Democratic Voters Would Rather Have a Leader Who Heals Than Fights
78% of Democratic voters said they prefer a candidate who can heal the division in the country.
15% want someone who will fight back, break the rules and move the country in a different direction.
60% of GOP voters say that “because the stakes are so high” they’d rather have a leader whose policy positions and values exactly match their own “even if that means the country is more divided.”
Donald Trump’s presidency has unleashed a wave of energy in the country’s left flank, but it’s also prompted some political soul-searching, with a growing number of Democratic activists and elected officials embracing hardball tactics ahead of a 2020 presidential primary.
From the far left to the comparatively moderate alumni of the Obama and Clinton administrations, liberal figures are pressuring the party’s presidential candidates on major Senate procedural changes such as eliminating the legislative filibuster and adding Supreme Court seats to accomplish the party’s agenda.
Amid that push for a new normal in Democratic politics, a new Morning Consult/Politico survey suggests the Democratic base has not lost its appetite for a leader with a healing, unifying message following the departure of President Barack Obama, who found his ideals and vision for American progress stymied by the realities of Republican opposition in Congress.
When asked to choose between two stances, nearly 4 in 5 Democrats in the latest poll, conducted March 1-3 among 1,993 registered voters, said they felt the party needed to nominate “a candidate who can heal the division in our country by bringing people with different views together to make compromise.” By comparison, 15 percent said they thought Democrats need “a candidate who will fight back and is willing to break the rules to move the country in a different direction.”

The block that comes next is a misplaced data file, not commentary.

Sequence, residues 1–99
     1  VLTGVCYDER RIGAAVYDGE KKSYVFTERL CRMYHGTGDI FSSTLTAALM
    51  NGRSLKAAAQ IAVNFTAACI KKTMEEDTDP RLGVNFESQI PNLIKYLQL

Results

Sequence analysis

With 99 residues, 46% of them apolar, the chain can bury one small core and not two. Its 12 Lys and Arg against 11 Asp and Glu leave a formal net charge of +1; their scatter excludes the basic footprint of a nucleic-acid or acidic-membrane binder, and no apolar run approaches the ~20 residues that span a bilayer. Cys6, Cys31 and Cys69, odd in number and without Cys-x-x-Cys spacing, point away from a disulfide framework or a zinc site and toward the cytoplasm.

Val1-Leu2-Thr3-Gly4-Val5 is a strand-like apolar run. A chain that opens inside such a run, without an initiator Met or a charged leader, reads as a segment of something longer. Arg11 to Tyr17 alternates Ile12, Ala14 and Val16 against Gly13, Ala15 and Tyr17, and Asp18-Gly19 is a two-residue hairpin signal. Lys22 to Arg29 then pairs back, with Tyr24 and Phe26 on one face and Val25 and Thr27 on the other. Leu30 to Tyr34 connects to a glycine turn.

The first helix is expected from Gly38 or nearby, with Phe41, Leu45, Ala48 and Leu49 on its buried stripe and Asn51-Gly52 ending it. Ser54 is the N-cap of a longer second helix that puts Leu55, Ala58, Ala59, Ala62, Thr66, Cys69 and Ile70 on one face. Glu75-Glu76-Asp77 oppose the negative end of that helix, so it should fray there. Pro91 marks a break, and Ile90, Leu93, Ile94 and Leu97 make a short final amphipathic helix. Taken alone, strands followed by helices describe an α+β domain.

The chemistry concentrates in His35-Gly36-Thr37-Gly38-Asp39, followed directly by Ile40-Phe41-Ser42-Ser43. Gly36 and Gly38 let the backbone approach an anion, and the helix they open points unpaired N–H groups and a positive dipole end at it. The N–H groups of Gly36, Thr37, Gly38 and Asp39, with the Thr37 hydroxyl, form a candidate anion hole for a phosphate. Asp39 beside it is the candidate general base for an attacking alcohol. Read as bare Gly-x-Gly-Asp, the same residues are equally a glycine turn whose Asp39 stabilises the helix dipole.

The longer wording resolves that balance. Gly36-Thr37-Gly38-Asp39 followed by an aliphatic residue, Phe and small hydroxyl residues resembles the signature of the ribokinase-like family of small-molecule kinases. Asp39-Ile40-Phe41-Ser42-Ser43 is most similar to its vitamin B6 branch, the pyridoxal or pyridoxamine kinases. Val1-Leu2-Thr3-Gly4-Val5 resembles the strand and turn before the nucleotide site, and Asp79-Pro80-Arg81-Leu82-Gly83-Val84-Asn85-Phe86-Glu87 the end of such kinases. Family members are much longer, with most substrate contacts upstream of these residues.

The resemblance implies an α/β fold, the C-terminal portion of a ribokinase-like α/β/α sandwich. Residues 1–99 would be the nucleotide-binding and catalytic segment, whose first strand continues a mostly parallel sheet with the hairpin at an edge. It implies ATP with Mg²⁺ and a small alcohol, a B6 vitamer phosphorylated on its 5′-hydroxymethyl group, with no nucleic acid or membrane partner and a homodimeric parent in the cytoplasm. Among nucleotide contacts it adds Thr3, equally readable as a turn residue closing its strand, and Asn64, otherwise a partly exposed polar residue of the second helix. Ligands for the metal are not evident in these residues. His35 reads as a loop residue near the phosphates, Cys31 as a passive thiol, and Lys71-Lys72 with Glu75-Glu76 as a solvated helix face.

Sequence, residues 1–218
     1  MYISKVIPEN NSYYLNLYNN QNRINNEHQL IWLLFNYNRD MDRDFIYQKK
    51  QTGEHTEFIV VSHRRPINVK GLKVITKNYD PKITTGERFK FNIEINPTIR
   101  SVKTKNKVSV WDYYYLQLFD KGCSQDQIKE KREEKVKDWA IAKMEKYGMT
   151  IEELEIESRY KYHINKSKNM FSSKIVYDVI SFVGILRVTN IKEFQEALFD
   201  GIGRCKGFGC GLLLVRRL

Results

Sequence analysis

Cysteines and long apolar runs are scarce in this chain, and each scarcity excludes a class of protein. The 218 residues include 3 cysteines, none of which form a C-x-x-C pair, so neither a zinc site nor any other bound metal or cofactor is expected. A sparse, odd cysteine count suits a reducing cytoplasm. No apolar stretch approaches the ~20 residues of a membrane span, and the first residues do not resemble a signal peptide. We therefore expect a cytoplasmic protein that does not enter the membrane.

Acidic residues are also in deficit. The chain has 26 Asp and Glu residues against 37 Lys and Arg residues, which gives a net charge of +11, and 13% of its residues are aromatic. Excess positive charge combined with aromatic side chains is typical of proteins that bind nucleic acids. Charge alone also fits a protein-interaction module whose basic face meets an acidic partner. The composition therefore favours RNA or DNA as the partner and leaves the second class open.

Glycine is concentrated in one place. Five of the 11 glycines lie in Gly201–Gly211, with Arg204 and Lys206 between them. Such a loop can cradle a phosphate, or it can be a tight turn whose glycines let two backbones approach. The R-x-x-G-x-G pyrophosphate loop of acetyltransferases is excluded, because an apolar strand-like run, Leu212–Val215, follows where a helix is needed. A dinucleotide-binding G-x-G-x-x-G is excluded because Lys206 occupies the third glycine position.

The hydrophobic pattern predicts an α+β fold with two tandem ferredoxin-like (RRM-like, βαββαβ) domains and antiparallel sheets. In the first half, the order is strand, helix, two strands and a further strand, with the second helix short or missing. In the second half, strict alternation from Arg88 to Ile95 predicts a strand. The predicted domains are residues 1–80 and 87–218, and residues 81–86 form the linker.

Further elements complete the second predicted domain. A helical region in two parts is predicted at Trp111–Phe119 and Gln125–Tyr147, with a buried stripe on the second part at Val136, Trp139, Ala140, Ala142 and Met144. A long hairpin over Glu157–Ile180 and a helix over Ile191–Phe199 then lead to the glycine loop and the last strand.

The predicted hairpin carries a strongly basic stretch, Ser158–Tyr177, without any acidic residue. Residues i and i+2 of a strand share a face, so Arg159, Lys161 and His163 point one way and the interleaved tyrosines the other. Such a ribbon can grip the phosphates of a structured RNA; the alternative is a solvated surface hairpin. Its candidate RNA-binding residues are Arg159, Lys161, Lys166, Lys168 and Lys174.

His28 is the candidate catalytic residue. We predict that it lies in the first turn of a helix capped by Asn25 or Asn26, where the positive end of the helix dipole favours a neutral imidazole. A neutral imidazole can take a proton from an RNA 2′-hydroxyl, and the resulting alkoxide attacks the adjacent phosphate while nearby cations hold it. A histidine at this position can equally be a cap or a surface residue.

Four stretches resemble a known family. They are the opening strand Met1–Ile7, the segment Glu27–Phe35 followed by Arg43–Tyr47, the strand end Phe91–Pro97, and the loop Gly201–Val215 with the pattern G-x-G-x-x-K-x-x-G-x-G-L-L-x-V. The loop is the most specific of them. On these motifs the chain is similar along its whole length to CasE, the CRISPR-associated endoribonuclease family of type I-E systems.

Most of the presidential candidates currently serving in the Senate have, so far, either pushed back or demurred on proposals of eliminating the legislative filibuster, which requires a 60-vote threshold for advancing bills.
Only Sen. Elizabeth Warren (D-Mass.) has expressed an openness to using the so-called nuclear option to change the chamber’s rules in 2021 if the Democrats retake the White House and the Senate. Others, such as Sens. Kirsten Gillibrand of New York and Cory Booker of New Jersey, have outright rejected the notion.
Setting aside the process debate, the latest national online survey also reinforces that in terms of style and substance, Republican voters are significantly more likely than Democrats to embrace a zero-sum version of politics that could result in more national discord.
Eighty percent of Democrats in the survey, which has a margin of error of 2 percentage points, said they agree that the country has become so divided that “it’s more important that we have a leader who unites us instead of one who represents my preferred policy positions and values.”
And while 61 percent of GOP voters said they agreed with that statement, roughly the same share (60 percent) agreed that “because the stakes are so high” they’d rather have a leader whose policy positions and values exactly match their own -- “even if that means the country is more divided.”
By contrast, 29 percent of Democrats said they’d prefer a leader who embodies their values but proves divisive to the country.
With the Iowa caucuses less than a year away, the findings suggest that Democratic activists’ energy and support for a no-holds-barred approach to politics may face an uphill climb to resonate with rank-and-file Democrats across the country.
Joanna Piacenza contributed to this story.
Cameron Easley is Morning Consult’s lead analyst for U.S. politics. Prior to moving into his current role, he led Morning Consult's editorial coverage of U.S. politics and elections from 2016 through 2022. Cameron joined Morning Consult from Roll Call, where he was managing editor. He graduated from the University of North Carolina at Chapel Hill. Follow him on Twitter @cameron_easley. Interested in connecting with Cameron to discuss his analysis or for a media engagement or speaking opportunity? Email [email protected].